EU lowers Italy's growth forecast for 2012 on declining demand
Saturday, 25 February 2012 | 00:00
The European Union revised down its forecast for Italy's growth as austerity measures passed by Prime Minister Mario Monti's government weigh on the nation's gross domestic product.
The euro region's third-biggest economy will contract 1.3 per cent this year, the Brussels-based European Commission said in a report.
In November, the commission had forecast that Italy's gross domestic product (GDP) would fall 0.1 per cent.
Still, the commission is more optimistic than the International Monetary Fund, which last month said it expects Italy's economy to contract 2.2 per cent.
Italy's central bank estimated on January 17 that GDP will fall 1.2 per cent to 1.5 per cent, depending on the cost of refinancing the nation's €1.9 trillion (Dh9.28 trillion) debt.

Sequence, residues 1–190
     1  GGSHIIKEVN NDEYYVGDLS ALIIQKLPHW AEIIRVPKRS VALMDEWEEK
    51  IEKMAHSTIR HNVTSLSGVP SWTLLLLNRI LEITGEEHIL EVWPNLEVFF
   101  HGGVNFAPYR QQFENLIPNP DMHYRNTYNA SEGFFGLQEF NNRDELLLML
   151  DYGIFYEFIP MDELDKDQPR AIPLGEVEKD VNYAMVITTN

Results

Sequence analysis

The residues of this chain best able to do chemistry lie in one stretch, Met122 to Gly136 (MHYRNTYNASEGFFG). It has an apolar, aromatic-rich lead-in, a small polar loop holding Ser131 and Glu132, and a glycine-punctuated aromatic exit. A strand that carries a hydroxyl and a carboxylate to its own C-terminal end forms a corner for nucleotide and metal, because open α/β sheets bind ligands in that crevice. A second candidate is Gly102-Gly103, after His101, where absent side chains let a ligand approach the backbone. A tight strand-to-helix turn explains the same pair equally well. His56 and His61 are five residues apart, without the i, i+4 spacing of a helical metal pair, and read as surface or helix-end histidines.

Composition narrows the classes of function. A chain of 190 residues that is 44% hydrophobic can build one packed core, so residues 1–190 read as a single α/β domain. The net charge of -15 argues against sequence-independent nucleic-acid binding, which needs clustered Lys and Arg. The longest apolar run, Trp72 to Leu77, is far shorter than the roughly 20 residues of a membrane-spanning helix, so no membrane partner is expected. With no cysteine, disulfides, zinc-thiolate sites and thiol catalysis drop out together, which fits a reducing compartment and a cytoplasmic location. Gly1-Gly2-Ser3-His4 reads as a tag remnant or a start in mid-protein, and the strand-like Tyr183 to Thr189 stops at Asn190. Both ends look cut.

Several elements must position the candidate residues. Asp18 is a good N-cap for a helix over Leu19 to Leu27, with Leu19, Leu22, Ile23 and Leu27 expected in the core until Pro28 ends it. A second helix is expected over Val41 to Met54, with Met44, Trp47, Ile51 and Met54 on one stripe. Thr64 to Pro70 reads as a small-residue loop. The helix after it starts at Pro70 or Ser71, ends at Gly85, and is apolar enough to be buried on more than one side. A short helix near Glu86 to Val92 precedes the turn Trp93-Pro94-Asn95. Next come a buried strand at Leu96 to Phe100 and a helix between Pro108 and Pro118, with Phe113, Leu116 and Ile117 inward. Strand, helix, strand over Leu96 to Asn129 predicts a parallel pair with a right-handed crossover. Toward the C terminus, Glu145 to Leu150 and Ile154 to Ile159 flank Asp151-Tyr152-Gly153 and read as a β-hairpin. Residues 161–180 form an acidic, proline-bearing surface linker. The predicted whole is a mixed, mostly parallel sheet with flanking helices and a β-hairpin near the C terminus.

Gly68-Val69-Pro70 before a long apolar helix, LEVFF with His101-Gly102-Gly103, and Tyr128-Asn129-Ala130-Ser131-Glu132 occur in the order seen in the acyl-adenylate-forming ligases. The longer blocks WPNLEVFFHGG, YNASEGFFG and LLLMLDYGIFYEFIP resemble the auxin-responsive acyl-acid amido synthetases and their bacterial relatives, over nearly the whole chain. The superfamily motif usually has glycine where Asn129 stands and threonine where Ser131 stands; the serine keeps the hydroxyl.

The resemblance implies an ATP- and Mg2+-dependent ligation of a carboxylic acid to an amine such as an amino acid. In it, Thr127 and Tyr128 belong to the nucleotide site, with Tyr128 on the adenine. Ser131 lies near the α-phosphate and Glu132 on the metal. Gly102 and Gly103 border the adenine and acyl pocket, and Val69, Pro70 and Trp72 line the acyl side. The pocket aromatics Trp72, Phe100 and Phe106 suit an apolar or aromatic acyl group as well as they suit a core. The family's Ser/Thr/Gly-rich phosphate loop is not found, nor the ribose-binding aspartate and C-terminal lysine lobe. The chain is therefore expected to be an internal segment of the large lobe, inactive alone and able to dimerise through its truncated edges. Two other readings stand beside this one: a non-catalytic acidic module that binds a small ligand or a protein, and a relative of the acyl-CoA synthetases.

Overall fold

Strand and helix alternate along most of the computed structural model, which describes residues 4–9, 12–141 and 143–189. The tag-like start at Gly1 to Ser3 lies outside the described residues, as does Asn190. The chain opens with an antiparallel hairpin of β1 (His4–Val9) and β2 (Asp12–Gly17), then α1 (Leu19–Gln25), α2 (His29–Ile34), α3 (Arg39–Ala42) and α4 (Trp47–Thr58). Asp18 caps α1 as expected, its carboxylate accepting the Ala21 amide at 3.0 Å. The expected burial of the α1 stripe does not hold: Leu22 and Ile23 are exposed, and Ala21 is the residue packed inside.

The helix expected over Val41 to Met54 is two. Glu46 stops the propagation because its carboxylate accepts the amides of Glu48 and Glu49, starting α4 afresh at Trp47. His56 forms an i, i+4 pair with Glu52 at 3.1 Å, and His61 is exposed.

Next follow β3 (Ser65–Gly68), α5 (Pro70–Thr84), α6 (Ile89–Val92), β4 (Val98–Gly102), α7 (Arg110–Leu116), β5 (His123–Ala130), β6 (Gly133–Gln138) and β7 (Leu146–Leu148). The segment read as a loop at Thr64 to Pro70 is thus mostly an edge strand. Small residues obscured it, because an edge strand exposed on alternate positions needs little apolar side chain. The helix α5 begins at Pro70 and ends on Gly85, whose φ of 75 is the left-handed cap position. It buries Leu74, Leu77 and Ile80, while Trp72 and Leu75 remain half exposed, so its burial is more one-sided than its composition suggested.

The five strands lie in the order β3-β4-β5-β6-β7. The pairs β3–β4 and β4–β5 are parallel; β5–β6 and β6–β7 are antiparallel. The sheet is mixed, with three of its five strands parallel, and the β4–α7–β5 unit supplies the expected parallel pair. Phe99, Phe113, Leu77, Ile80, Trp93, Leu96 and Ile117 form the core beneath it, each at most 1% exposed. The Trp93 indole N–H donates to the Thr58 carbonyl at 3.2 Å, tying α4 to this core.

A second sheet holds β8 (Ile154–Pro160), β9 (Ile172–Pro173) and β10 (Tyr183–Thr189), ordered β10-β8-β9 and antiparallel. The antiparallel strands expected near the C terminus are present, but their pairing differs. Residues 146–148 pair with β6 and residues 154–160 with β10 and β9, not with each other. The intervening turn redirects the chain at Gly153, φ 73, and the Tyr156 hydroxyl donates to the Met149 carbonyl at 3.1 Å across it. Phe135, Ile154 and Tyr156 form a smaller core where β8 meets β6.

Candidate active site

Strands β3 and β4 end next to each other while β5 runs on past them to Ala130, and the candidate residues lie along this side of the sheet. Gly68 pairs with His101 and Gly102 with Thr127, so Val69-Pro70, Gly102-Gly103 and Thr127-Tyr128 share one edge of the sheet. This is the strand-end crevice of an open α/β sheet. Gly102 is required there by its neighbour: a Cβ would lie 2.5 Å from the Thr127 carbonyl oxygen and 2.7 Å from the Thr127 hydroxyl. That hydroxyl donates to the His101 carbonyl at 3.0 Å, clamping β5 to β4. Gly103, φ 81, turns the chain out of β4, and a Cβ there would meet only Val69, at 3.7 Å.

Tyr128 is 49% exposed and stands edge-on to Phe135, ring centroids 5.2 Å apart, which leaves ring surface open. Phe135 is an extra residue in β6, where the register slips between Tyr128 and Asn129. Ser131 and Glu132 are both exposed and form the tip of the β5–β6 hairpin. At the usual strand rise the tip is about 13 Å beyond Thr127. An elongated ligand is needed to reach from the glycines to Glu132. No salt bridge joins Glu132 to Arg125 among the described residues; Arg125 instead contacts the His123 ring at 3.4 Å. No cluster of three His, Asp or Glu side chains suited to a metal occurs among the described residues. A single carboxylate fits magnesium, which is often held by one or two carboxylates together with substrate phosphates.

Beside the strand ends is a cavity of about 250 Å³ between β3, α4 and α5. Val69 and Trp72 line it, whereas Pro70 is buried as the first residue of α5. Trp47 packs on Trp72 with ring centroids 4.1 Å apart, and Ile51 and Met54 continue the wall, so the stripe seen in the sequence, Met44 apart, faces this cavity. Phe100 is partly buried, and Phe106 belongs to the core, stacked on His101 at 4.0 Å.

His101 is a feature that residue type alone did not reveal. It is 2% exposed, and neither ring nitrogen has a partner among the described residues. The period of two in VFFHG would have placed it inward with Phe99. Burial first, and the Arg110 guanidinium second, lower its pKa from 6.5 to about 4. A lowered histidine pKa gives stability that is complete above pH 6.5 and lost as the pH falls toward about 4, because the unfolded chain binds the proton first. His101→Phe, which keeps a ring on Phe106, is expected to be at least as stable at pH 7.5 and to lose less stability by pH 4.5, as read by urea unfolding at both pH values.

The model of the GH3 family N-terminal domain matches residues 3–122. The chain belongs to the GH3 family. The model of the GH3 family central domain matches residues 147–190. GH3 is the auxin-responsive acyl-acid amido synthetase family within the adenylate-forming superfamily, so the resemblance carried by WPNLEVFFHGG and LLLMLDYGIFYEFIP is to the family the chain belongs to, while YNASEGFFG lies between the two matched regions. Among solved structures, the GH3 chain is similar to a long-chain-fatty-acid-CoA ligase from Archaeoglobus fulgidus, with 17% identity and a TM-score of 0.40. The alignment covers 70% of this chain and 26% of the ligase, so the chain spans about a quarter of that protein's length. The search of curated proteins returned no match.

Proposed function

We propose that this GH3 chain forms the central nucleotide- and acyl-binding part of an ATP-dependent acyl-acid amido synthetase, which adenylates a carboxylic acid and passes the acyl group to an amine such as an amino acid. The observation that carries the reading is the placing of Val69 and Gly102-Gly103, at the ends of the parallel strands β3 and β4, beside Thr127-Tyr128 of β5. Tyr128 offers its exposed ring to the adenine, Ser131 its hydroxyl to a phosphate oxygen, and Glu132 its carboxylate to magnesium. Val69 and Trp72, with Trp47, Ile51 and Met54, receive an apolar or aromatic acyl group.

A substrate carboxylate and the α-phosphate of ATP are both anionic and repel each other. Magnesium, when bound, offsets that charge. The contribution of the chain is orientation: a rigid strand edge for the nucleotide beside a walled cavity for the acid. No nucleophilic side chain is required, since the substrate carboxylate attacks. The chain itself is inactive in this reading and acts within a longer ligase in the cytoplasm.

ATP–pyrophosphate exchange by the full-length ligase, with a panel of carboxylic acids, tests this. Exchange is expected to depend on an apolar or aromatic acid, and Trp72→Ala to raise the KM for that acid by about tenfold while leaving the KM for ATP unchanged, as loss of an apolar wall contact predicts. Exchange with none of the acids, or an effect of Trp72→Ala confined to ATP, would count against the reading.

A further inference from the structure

"Private consumption is set to fall in 2012" as a result of a drop in household income "under the impact of declining employment and the large fiscal consolidation measures," the commission said.
Still, the economy will stabilise in the second half of the year provided financial-market turmoil doesn't return and the yield difference between Italian and German 10-year bonds stays near 370 basis points, according to the report. Italy entered its fourth recession since 2001 in the last quarter of 2011, Rome-based National Statistics Institute Istat said on February 15.
In December, Monti pushed through €20 billion in austerity measures and the European Central Bank loaned banks unlimited funds for three years, prompting a fall in Italian bond yields that suggests improved confidence in the country's ability to repay its debts.
The spread between Italian and German 10-year bonds was at 364 basis points in late morning Rome time, down from a euro-era record of 552 basis points on November 9.
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